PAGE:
In this situation, where do I stand? As a priest-theologian, I do not worship the church. Rather, I suffer with it, as family members do with family. Nor am I a political agent. I rarely indicate my views on current issues. Blam­ing is as old as the Garden of Eden, and the Christian tradition rejects it. Still, Archbishop Burke’s stand, courageous as it may seem, raises so many doubts about the fit between the great tradition and North Amer­i­can Catholicity that I have resolved to do some theology in public: I ar­gue that withholding sacraments from Catholic politicians is too se­vere a penalty. Why? First, it draws per­ilously close to selective condemnation; public identification of sinners is not a priestly ministry. (Ignatius Loyola is said to have called a Jes­uit on the carpet for criticizing the current pope’s sins from the pulpit; Ignatius told him that we do not publicly discuss the sins of in­dividuals.) Second, it fails in mercy toward a wounded world steeped in sin-but not degenerate down to its root. Third, for Catholics, human life is not the ul­ti­mate norm. Savage as abortion on demand is, it has an upside: some fifteen years after Roe v. Wade I found myself telling students that know­ing they were wanted at birth was a grace; and three years ago, in my hearing, a youngish religious volunteered that a physician had “cautioned” his mother while she was pregnant. Talk about thank­ful­ness for the given gift of life!

One can’t blame the bishops for thinking that they should at least be drawing the line somewhere. Still, I suspect that some may be trying to recoup their authority. If that is the case, I fear they will only be shrugged off further.

This is all the more likely when someone like Archbishop Burke appears to overlook the canonical practice of restrictive application of laws imposing pen­al­ties and limiting freedoms, and the moral practice of distinguishing between formal and merely material cooperation. Accepting evil is not the same thing as approving of it-let alone promoting it. Even logically, being prochoice is not identical with being proabortion. Neither is cowardice nor dodg­ing proof of malice, and hence, not mortally sinful. I know of no Catholic politicians who have purposely sought to positively advance abor­tion; most are op­­posed to it “personally”-a bad choice of words.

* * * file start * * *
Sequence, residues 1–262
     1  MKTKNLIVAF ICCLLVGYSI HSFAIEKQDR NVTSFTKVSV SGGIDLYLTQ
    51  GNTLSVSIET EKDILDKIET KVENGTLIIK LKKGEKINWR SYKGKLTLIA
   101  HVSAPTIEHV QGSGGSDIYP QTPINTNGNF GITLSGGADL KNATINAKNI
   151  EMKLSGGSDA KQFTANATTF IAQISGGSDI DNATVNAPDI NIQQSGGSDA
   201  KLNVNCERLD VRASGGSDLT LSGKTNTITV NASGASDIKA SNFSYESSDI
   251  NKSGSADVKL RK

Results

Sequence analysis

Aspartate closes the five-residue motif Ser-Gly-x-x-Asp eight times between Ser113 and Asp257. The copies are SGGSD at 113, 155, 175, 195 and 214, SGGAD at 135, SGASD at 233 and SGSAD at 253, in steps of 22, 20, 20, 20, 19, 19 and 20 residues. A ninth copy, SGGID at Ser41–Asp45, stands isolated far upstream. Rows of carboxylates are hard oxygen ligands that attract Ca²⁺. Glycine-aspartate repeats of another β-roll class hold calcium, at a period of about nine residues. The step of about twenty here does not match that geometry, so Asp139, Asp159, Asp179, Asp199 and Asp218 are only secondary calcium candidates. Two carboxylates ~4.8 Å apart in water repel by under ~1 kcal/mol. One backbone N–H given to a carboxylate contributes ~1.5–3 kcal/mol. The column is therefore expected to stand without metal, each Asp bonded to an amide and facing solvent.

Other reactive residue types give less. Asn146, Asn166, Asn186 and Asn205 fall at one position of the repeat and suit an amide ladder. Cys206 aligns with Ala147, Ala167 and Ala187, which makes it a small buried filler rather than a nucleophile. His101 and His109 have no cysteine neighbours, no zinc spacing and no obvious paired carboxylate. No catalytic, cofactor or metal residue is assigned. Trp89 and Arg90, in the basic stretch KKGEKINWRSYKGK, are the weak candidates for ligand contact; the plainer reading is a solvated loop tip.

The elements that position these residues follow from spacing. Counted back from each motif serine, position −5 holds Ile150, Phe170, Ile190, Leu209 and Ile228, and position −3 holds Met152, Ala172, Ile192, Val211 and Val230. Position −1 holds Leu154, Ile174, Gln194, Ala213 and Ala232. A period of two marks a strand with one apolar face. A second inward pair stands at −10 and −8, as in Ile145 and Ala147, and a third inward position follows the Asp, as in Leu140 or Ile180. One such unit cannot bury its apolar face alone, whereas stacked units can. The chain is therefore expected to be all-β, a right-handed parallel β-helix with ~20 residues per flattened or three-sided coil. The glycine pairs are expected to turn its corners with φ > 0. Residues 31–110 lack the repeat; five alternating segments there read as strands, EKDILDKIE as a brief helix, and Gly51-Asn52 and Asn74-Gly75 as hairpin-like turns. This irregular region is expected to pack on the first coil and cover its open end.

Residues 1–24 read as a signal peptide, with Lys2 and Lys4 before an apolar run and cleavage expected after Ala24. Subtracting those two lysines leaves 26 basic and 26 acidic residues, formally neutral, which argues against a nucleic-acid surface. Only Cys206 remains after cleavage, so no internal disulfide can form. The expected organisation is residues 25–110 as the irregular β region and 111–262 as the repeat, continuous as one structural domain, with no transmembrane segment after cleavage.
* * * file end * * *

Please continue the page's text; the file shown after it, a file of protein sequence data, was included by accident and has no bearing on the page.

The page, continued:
Certainly, the ready resort to abortion in this country is a moral horror and a trag­ic lapse, protected by the American system of government. Furthermore, the widespread promotion of con­tra­ceptives as a “solution” strikes me as malign. As the late Cardinal Basil Hume noted, the blind distribution of contraceptives to high school students is “a coun­sel of despair.”

Still, Catholic Christianity holds that no evil in our world is definitive, whether it be the “contraceptive men­tality” described so tellingly by John Paul II, abortion on demand, the legalization of “mer­cy killing,” genocidal acts, or even preparation for nuclear warfare. In such a world, it is indeed difficult to be a Catholic. Yet from Jesus’ execution-theologically speaking, the worst in­justice ever-our endlessly resourceful, merciful God has drawn the greatest good.

Poor, mugwumpian Catholic politicians. They are just sinners of a vis­ible kind-implausible candidates for canonical penalties. In­tim­at­ing that their sin is mortal is not a priestly ministry. Blaming them is to for­get that Augustine called the Donatists brothers, and en­cour­aged his con­gregation to do the same. Far from refusing di­a­logue, he pursued it. The “senior prelates” who vilified Cardinal Joseph Ber­nar­din’s Common Ground Initiative were way out of touch with the tra­dition. They did not sound like God’s Word.

In 1957, a tall, athletic, slightly mischievous Dutch Jesuit priest who is now eighty-nine, inquired of a then twenty-seven-year-old scholastic, too intense for his own and his students’ good: “Can I tell you something?”

The young man replied hesitantly, “Yes.”

Then the older man smiled and said, “Don’t be so pushy with the kids. Remember, God never pushes, He only pulls.” For me, it turned out to be one of those teach­able mo­ments: God’s people are not to be pushed about. 

Topics: 

Share

About the Author

The late Frans Jozef van Beeck, SJ, born in the Netherlands in 1930, was John Cardinal Cody professor emeritus of Loyola University Chicago.